“Squadron Energy continues to believe in the vision for a game-changing solar and battery project in the Northern Territory’s Barkly region,” said Squadron chairman John Hartman, “[helping the country] become a green energy exporting superpower by generating renewable energy to produce green hydrogen and green ammonia.”
An initial fund-raising effort in early 2022 raised $250 million, with Cannon-Brookes and Forrest standing out as the leading investors.
Grok, Cannon-Brookes’ family investment arm, was said to be “Impressed with management’s progress and offered to provide additional investments in the company”, according to a spokesperson. “[But] in the circumstances, including where all but one shareholder agreed with the company’s funding strategy, the board was left with no other option but to enter voluntary administration.
“We are confident Sun Cable will be an attractive investment proposition and remain at the forefront of Australia’s energy transition.”
This comes as Forrest, best known as the former chief executive officer of Fortescue Metals Group (FMG), continues to commit $740 million of his own fortune to the Ukraine Green Growth Initiative. Forrest launched the global Ukraine Green Growth Initiative, which is focused on reconstructing the war-torn country and hopes to raise at least $25 billion (growing to $100 billion) in seeding investment in energy and communications infrastructure, to help transform the nation into a “Digital green economy”.
Heirs of Subway’s founders set to reap dividends from $10 billion sale deal
The descendants of Fred DeLuca and Peter Buck, the late founders of sandwich franchise chain Subway are set to inherit billions as the global company explores a major sale, according to the Wall Street Journal.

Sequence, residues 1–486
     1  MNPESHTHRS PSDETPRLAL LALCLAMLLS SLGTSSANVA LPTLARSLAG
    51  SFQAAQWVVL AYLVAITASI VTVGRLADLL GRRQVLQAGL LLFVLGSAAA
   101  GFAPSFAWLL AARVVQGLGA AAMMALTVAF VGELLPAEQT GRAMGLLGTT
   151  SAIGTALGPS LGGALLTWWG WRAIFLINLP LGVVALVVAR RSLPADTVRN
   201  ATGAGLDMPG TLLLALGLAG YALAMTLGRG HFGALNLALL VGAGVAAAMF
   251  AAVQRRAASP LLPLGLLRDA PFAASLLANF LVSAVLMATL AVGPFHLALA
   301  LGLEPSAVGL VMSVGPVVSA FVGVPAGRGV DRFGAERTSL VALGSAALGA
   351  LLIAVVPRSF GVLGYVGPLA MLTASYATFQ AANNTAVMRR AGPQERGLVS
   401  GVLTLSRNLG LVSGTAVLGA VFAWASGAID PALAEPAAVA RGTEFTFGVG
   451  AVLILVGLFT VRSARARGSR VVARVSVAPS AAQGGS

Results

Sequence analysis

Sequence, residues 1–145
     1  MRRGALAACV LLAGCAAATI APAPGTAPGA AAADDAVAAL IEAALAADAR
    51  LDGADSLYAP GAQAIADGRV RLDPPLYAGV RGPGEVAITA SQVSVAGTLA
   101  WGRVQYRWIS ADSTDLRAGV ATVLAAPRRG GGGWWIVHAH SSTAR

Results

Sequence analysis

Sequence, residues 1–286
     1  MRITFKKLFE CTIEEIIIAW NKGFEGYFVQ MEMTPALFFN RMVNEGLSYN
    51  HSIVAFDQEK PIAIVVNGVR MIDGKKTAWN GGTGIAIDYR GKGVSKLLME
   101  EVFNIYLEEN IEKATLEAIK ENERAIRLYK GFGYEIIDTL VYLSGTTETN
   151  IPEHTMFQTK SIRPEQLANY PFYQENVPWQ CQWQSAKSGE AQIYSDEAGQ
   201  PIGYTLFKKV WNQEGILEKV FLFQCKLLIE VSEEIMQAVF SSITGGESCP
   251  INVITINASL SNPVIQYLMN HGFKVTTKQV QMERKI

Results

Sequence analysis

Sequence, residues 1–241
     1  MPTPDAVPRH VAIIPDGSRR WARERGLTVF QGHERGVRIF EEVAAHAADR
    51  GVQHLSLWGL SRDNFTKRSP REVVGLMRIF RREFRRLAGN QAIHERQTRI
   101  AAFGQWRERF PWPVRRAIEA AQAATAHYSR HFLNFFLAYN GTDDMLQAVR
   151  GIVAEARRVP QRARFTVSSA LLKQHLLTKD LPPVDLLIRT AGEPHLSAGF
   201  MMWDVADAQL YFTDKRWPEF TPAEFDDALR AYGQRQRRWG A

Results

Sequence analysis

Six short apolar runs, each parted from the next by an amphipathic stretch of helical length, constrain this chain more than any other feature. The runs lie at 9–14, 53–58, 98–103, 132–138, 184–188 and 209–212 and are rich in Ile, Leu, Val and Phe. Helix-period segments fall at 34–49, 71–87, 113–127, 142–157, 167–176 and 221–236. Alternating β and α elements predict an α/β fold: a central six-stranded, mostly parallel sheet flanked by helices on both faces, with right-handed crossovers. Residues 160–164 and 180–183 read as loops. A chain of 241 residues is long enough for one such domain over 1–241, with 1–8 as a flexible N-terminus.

Founded by Buck and DeLuca when the former loaned the latter $1,000 to start a sandwich shop - Pete's Super Submarines - to help fund his way through college, the company went on to outstrip all other restaurant chains, with approximately 21,000 locations across the US, registering $9.4 billion in sales in 2021.
After the company switched to a franchise model in 1973, DeLuca continued to run the company for decades, while Buck became a largely silent partner. Throughout the years, Subway has remained a private business with the two families of De Luca and Buck working behind the scenes. After DeLuca passed away in 2015 at the age of 67, his sister Suzanne Greco became CEO until she retired in 2018.
Following the appointment of former Burger King CEO John Chidsey in 2019, a Subway sale has been discussed and now private equity firms and corporate buyers are reportedly looking to secure a purchase.
DeLuca’s son Jon, who serves as director of the Frederick A. DeLuca Foundation, is (according to Fortune) expected to be a prime beneficiary of the proposed sale.
“As a privately held company, we don’t comment on ownership structure and business plans,” said a Subway spokesperson to Fortune. “We continue to be focused on moving the brand forward with our transformational journey to help our franchisees be successful and profitable.”